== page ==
New NJ COVID restrictions will force bars and restaurants to close early

Bars and restaurants will have to close early and youth interstate sports will be canceled under new restrictions announced Monday by Gov. Phil Murphy in an effort to curb rising cases of COVID-19. 

The new restrictions, which take effect Thursday, mean bars and restaurants must close inside by 10 p.m. as they head into what is typically one of the busiest times of the year for holiday parties, banquets and weddings, said Marilou Halvorsen, president of the New Jersey Restaurant & Hospitality Association (NJRHA).

Bar seating will also be prohibited, Murphy said. 

"The last thing I want to do or any of us want to do is shut our economy back down and, thankfully, we are not at that point," Murphy said. "Looking at the data, we are taking surgical steps that we hope will help mitigate the current increasing rate of spread." 

Murphy and his top health officials did not present data showing outbreaks linked to bars and restaurants, but instead cited one Department of Health advisory reporting that nine bartenders and servers from Leggett's Sand Bar in Manasquan contracted COVID last month. Health Commissioner Judith Persichilli said "this is just one example." 

The dining restrictions will apply to casinos, but gambling will still be allowed around the clock, Murphy said. Banquet halls will also have to close by 10 p.m., he said. 

"These people have already been moved two or three times, and they have their wedding coming on Friday, Saturday and Sunday, so what does that do for those people?" Halvorsen said in an interview Monday. "We hear all the time it’s not coming from the industry." 

NJRHA estimates that nearly 40% of restaurants will close due to the pandemic.

"It is such a fallacy to believe that restaurants are the cause of the rise in cases," Halverson said. "Restaurants are the scapegoat. It's quick and easy to blame restaurants. But it's not the reality."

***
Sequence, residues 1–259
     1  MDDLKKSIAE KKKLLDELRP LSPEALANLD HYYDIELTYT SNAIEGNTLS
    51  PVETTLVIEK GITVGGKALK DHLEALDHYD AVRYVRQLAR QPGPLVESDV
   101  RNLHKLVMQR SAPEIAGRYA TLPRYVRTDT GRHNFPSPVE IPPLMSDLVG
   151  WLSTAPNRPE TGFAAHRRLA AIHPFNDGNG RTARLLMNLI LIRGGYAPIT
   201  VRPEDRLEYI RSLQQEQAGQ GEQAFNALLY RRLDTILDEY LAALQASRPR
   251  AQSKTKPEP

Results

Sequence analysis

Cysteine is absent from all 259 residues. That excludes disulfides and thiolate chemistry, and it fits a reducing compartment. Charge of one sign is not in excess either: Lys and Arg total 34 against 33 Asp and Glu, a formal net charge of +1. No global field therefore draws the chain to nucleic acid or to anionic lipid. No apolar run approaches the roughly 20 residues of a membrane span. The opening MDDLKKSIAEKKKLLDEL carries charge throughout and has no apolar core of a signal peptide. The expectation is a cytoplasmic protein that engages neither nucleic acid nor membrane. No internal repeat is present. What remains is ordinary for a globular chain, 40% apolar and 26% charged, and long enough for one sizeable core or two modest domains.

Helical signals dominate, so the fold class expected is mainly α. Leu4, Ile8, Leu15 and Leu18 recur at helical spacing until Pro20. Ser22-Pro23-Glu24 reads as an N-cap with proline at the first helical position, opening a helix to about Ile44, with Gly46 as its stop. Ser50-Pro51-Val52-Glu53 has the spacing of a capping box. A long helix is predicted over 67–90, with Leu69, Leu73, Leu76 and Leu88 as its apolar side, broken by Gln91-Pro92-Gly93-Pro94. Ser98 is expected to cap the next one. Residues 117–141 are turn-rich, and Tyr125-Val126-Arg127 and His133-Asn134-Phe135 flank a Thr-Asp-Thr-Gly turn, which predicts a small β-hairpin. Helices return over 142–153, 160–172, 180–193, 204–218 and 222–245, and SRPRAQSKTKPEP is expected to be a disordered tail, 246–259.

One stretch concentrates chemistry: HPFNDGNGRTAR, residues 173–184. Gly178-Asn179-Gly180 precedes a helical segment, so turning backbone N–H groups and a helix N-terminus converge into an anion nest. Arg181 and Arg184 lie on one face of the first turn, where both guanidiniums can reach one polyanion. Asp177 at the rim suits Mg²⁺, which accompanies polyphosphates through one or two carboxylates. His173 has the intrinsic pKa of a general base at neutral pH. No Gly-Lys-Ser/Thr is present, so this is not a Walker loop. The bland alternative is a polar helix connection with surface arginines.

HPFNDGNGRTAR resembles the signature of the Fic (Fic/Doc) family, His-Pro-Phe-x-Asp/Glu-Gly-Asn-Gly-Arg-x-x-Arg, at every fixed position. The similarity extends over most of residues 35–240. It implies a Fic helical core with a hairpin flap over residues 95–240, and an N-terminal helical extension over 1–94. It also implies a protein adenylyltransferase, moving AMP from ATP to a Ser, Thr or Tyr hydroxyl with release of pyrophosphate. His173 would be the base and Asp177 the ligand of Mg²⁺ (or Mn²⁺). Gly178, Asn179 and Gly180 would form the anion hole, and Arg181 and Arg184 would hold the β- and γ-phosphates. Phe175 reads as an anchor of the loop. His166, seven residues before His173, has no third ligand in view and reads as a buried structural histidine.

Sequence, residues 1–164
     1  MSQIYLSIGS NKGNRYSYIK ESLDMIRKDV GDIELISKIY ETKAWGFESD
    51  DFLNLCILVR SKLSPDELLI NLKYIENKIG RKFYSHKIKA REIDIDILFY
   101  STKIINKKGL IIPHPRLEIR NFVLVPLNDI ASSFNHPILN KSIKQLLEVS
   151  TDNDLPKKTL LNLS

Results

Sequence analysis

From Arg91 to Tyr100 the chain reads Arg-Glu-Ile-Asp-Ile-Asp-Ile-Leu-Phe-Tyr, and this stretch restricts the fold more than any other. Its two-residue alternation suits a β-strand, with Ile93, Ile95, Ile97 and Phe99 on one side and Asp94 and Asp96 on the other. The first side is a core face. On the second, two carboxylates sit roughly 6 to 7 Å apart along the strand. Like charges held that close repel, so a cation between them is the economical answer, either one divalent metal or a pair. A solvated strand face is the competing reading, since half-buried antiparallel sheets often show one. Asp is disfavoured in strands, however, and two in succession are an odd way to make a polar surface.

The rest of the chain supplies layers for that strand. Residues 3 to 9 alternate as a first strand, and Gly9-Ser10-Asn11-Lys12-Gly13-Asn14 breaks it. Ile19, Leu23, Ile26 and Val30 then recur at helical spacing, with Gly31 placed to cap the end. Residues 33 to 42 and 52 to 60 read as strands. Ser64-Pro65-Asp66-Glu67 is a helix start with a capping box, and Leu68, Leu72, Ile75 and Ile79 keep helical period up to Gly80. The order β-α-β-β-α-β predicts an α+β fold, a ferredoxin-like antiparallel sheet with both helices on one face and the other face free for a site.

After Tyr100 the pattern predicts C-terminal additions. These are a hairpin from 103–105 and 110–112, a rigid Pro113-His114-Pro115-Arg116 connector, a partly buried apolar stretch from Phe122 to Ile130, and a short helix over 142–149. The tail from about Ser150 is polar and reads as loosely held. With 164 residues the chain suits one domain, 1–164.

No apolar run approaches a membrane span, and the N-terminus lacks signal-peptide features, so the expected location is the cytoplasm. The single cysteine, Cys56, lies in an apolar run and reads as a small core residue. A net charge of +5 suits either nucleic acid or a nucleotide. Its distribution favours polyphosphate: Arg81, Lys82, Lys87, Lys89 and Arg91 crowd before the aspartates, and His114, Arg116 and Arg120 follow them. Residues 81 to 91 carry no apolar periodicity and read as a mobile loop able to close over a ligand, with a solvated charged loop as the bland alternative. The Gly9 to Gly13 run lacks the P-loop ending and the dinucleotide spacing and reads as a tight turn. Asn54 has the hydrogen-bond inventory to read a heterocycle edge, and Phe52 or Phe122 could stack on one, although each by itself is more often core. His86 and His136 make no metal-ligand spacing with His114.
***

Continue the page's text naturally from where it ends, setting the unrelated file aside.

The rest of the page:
Indeed, Murphy has said repeatedly that there is no widespread evidence of transmission at bars and restaurants, but a lot of the increases have come from house parties and private gatherings, where it is much more difficult to enforce his executive orders. On Monday, he said "facts change" and "there's a developing fact pattern here." 

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Jerry Sullivan, of Passaic Park, sits down with his son on the first day of indoor dining at the Tick Tock Diner in Clifton, N.J. on Friday Sept. 4, 2020. Indoor dining was banned on March 16, 2020 due to the coronavirus pandemic.

The new restrictions come as New Jersey deals with a second wave of the virus and another 5,250 cases of coronavirus were reported over the weekend

Outdoor dining will not face the same restrictions. And as a measure intended to give more flexibility to restaurants, Murphy said he will allow tables to be spaced closer than the socially distant 6 feet apart if they are separated by barriers. He'll also allow fully enclosed, heated "dining bubbles" outdoors that must be cleaned between uses. 

Outdoor dining, which began June 15, had helped restaurants' stem their financial hemorrhaging. But with temperatures dropping, restaurant owners were growing increasingly nervous about their future. Many complained that 25% capacity indoors simply was not sustainable. 

"Can most restaurants make a profit at 25%?" Francis Schott, co-owner of Stage Left Steak and Catherine Lombardi in New Brunswick, said at the time. "No. But I'm hoping that 25% is a march toward 50% and then 75%, and eventually 100." 

That does not seem likely. Murphy did not give a timeline for the restrictions, but he said multiple times Monday that New Jersey is in a six-month window to beat back the virus. 

He did not issue any new restrictions on indoor gatherings, which he has said have been a large driver of the increases. The current maximum limit is 25 people.

Murphy said he didn't change the indoor gathering rules because he wanted to apply something that authorities "can actually realistically enforce." 

"It’s very hard to get inside of somebody’s house," Murphy said. 

On sports, all interstate indoor youth games and tournaments are prohibited. The rules apply to sports through high school, Murphy said. Indoor sports, especially hockey, present a greater likelihood of transmission, he said. 

"It simply is not safe for teams to be crossing state lines to participate in indoor competitions where there is a serious risk of spreading the virus," Murphy said. 

Dustin Racioppi is a reporter in the New Jersey Statehouse. For unlimited access to his work covering New Jersey’s governor and political power structure, please subscribe or activate your digital account today.


Twitter: @dracioppi